So, back in February, I went on a women's spiritual retreat through my church that focused on embracing gratitude as a spiritual practice. This usually comes pretty easily to me, but this week. Well, it's been a week. And I mean, A WEEK. Here's the quick synopsis:
On Monday morning, I was in the bathroom when I heard a weird pounding coming from the next room. I ran in to find my nine-year-old hitting my two-year-old between the shoulder blades, desperately trying to keep him from choking. (Someone get that kid a medal immediately!!!) Whatever the little guy had swallowed came up and then he swallowed it again, this time successfully. I'm in a panic, looking around to try to figure out what he had just eaten, when I find a laser finger pointer toy totally dismantled and button batteries on the floor. There's no way to know what went down the hatch — a two-year-old is an unreliable witness, after all — so away we go to the ER. (Fun fact: an ingested button battery can burn a hole through your esophagus in two hours! Wheeeeee!)
It turns out that it was only (sigh) the LED light he'd eaten and not the battery. Three hours later and my kids and I are on our way and I get to dig through diapers for the next week looking for this:
Gross. My takeaways:
I'm thankful it wasn't a battery.
I'm thankful to have kids who love each other and look out for one another. They used their imaginations to turn a hospital bed into a pirate ship for the first two hours we were at the hospital so that their little brother wasn't scared.
I'm thankful to have kids who are healthy. Digging through dirty diapers seems like a small inconvenience for the privilege of getting to hug them every day.
Tuesday took us to the Little League playoff game, where the stakes were high: the winner goes on to the local Little League World Series. As I told my oldest (a.k.a. a hero from earlier in the week), "I just want you to go out there and feel good about how you play. It doesn't matter to me if you win or lose this game. Be a good teammate. That's what makes me proud." And then I tried to live into that.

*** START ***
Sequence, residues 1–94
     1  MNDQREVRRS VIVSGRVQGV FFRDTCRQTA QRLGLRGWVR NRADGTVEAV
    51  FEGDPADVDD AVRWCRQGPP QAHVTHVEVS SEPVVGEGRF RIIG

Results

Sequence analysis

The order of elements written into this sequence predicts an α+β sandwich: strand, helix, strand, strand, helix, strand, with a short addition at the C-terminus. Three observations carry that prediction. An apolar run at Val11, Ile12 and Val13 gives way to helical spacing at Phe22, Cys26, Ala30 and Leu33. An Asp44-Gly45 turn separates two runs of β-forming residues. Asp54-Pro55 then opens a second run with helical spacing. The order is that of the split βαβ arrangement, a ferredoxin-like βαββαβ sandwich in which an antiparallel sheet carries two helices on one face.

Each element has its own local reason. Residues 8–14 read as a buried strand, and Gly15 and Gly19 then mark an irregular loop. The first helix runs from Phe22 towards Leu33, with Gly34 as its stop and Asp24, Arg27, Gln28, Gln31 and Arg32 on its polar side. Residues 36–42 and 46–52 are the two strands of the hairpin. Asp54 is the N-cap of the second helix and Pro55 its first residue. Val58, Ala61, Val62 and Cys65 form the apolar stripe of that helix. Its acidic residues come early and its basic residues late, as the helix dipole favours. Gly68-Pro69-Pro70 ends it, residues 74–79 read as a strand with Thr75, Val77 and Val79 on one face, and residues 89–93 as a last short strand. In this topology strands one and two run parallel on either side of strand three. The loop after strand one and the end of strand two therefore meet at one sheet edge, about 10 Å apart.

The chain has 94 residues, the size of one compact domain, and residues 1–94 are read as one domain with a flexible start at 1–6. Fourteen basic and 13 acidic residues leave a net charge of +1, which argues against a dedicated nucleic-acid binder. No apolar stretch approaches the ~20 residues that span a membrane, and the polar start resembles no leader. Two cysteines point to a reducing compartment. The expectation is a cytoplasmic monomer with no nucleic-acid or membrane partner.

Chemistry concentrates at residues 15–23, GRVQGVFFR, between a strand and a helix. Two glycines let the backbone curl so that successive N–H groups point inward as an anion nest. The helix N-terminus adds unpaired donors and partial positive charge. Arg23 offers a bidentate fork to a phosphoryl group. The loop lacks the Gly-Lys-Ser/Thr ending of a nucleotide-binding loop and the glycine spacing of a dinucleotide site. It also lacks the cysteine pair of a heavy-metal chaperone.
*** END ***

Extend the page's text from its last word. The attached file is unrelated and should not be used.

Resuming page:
Let me just say that I'm not a particularly good sports parent. I'm a total rookie. I'm late half the time. I'm distracted, trying to figure out what to do with my other three kids. I forget things like sunblock and chairs and bug spray. I don't always make it, having to split time between kids. This whole sports thing is a challenge for me.
So, there I was on the sidelines a bundle of nervous energy. I have a hummingbird quality anyway. I'm almost always buzzing, so this situation had me moving from point to point on the sidelines. In his last at-bat, bottom of the last inning, with the score tied, he struck out. This was the only thing he didn't want to do. I was a very perky, positive wreck. And then they won. Holy emotional roller coaster!
I'm thankful to have my son play on a baseball team where the coaches play fair and stay positive.
I'm thankful for the other parents who aren't crazy (and who aren't afraid to check each other in the rare moment when someone says something out of line). I'm thankful that they share their sunblock and bug spray and look out for my kiddos when I can't get there in time.
I'm thankful for the opportunity for my kids to experience imperfection. They'll learn more from the strike outs than the home runs. Same goes for me.
Wednesday was my oldest daughter's birthday and, being second-born, she's often lost in the shuffle at our house. I had planned to spend the day with her, just the two of us, which we've never done before (or if we have, it's been a very, very long time). After leaving the brand-new babysitter the weirdest instructions ever ("If he poops, just put the diaper in the upstairs bathroom and I'll go through it when I get home."), we set off for the city. It was a fantastic day, and she declared that turning seven was the best thing that had ever happened to her.